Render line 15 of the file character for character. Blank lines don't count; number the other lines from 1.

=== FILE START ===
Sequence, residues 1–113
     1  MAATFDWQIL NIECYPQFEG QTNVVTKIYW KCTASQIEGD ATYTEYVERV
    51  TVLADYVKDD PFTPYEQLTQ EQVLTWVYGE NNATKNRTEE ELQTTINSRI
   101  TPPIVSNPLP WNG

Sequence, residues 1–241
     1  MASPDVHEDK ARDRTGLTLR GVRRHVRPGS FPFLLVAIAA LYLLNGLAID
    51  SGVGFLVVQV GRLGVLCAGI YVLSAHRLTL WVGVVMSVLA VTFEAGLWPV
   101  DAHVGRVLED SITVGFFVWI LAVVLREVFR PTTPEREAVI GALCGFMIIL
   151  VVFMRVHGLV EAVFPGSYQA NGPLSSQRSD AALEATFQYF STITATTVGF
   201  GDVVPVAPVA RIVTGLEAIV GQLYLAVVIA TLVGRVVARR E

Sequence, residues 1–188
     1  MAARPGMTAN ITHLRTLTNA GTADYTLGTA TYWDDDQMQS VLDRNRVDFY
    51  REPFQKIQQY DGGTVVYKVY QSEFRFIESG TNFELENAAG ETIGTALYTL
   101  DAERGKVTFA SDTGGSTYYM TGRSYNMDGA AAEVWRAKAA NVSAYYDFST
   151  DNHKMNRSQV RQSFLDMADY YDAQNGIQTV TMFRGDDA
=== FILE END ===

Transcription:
   151  DNHKMNRSQV RQSFLDMADY YDAQNGIQTV TMFRGDDA